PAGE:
Induku enhle iganyulwa ezizweni
Ian Palmer, a British South Africa Police reservist from East Lancashire sits in the common room of Manfred House at the University of Rhodesia. He is in the 3rd year of a law degree in a country that just one hundred years ago was a vast expanse of African nothingness. Civilisation, like most things we take for granted today, came to these shores on the backs of his wanderlust crazed ancestors. He knows this and surely the natives do as well.
The year is 1975. Ian is engaged in a heated debate with five African natives mostly from Rhodesia’s Matabeleland region. Mbekezeli, the more erudite of the bunch, is the recipient of the Rhodes Scholarship awarded to the country’s best and brightest minds. “So you understand why we are fighting,” says Mbekezeli. “Ha ha ha…Not you sitting here…but the young men and women fighting in the bushes of eastern and southern Rhodesia,” retorts Ian.
The cruel irony derived from this accident of fate cannot be ignored. Mbekezeli, the eldest in a family of five finds himself at UR by sheer force of will. Exceedingly bright and with a dogged determination to escape the poverty he grew up under, he has earned the Rhodes scholarship by being the best performing male student in the country. A scholarship funded and named after a man who was the emissary of the same people who have subjugated and relegated the aspirations and ambitions of many a young man like himself to that of slaves in the land of their ancestors’ birth.
Ian on the other hand, is not particularly bright. After an uneventful stint as a policeman in Lancashire, he yearns for adventure and joins the trek of thousands of similarly bored young Englishmen who seek the mystique and intrigue of the colonial frontiers. They say opportunities for young men like Ian are in abundance there. Had he stayed in gloomy Lancashire, Ian would not have had the opportunity to study towards a law degree at the country’s top university. Surely this is the prize for the unrewarding yet necessary work of civilising natives in far off and exotic places. This opportunity is his birthright. Surely!
This is the last day Ian would ever see Mbekezeli. Later that night, Mbekezeli and four other natives abandon their studies to join the terrorists in Mozambique.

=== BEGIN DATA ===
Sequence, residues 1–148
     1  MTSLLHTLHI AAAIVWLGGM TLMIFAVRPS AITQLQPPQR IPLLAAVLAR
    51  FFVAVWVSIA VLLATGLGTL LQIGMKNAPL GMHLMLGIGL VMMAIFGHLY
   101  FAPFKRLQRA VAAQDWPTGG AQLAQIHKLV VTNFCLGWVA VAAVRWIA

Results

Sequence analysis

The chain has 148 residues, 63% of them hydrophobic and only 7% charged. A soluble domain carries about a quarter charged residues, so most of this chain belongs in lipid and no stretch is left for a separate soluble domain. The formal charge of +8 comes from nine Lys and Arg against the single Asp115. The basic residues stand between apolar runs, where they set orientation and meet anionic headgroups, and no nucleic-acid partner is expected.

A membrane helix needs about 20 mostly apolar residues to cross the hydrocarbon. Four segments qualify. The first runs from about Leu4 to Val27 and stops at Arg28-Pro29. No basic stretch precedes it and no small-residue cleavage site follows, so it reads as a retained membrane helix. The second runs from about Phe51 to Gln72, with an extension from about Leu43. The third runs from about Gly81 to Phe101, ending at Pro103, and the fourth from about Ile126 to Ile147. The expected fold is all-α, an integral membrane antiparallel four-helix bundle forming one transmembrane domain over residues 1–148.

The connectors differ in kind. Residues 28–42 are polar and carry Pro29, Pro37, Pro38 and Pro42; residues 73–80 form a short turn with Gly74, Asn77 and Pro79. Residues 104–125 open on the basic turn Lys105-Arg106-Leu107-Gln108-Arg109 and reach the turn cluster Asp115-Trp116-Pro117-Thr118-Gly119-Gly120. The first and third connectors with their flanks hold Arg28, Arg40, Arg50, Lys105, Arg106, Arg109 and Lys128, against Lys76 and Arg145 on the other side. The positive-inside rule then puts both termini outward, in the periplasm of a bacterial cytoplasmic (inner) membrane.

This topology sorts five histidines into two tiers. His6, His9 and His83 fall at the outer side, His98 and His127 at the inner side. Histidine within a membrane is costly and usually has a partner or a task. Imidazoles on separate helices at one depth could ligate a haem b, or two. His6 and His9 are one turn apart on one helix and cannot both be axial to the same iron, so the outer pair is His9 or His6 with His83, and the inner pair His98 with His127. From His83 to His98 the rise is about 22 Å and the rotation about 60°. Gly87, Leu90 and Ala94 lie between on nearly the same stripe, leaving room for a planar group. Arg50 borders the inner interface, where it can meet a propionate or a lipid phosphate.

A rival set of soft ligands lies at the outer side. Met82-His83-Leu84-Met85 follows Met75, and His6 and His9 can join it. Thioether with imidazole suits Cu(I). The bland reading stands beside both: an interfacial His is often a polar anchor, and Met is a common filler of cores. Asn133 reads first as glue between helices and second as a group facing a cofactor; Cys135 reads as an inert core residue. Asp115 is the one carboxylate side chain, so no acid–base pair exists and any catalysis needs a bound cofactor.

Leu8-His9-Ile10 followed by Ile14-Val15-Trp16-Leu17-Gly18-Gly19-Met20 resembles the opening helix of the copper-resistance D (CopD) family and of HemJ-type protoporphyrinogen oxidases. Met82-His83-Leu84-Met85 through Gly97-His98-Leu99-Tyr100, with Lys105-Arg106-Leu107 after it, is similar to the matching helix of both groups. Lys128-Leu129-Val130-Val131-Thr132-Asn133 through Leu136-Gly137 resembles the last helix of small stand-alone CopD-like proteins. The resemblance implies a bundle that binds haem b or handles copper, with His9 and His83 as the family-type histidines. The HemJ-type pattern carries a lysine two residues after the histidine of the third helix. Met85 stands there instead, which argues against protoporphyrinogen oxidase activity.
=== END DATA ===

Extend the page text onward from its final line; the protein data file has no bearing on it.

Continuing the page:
It is 8:30am. Bafana’s ear drums are assaulted by loud sirens from the fire engines going past his quaint little apartment on the corner of East 101st street and Broadway. Donald Trump is leading the Republican presidential nomination; a black man of Kenyan descent is serving the last of his two terms in office as President of the United States of America. Bafana chuckles to himself and gets out of bed wondering if such a reality was something his father could have ever fathomed when he returned as a liberation war hero to cheering crowds in the streets of Harare, then Salisbury. A bitterness envelopes him as he suddenly remembers the dire circumstances under which his father died. Mbekezeli Ndaba, Bafana’s father, had died a bitter man. A fierce opponent of President Hurukuro, Mbekezeli felt the incumbent leader had betrayed the ethos and values of the movement for which he and many others like him had risked life and limb for. That his death came by way of a mysterious fire did not shock many a people in post-independent Zimbabwe as that had been the fate of many a man who had dared opposed the one man rule of Hurukuro.
His father’s death in 2005, though now a distant memory, still stings and represents everything wrong with the place of his birth. For Bafana, home is weakness, a sickness to be escaped from, an indulgence to be sacrificed at the altar of ambition, freedom and happiness. Home is pain. Bafana is stateless, a man not crippled by the unnecessary constraints of geography; a man whose identity is fluid, amniotic and ever changing. For Bafana, home is where he can make an honest living and express his opinions without the fear of reprisals and dying in mysterious fires.
Chaitemura chava kuseva. Aive madziva ave mazambuko
“Zimbabwe has just come out of what many are calling a landmark election. For the first time in over 30 years, international observers have been allowed free access to every single step of the voting process. In a country where your race is your politics, Mandlenkosi Ndaba-Palmer becomes the first bi-racial president of post independent Zimbabwe. The election of the progressive and unsurprisingly popular opposition party ushers in a new dawn for African democracy that is refreshingly out of step with the gait of many a post colonial African state traditionally characterised by an institutionalised culture of mediocrity and corruption.”